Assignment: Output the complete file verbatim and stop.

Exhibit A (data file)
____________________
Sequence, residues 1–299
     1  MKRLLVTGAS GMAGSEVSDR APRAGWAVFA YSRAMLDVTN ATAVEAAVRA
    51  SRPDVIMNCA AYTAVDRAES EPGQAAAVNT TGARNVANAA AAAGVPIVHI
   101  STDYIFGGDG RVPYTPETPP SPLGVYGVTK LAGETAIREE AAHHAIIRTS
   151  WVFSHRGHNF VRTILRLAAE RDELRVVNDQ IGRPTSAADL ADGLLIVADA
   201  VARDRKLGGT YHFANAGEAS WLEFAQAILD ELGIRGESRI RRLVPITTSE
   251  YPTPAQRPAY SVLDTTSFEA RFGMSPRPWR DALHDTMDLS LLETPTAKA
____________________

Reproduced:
Sequence, residues 1–299
     1  MKRLLVTGAS GMAGSEVSDR APRAGWAVFA YSRAMLDVTN ATAVEAAVRA
    51  SRPDVIMNCA AYTAVDRAES EPGQAAAVNT TGARNVANAA AAAGVPIVHI
   101  STDYIFGGDG RVPYTPETPP SPLGVYGVTK LAGETAIREE AAHHAIIRTS
   151  WVFSHRGHNF VRTILRLAAE RDELRVVNDQ IGRPTSAADL ADGLLIVADA
   201  VARDRKLGGT YHFANAGEAS WLEFAQAILD ELGIRGESRI RRLVPITTSE
   251  YPTPAQRPAY SVLDTTSFEA RFGMSPRPWR DALHDTMDLS LLETPTAKA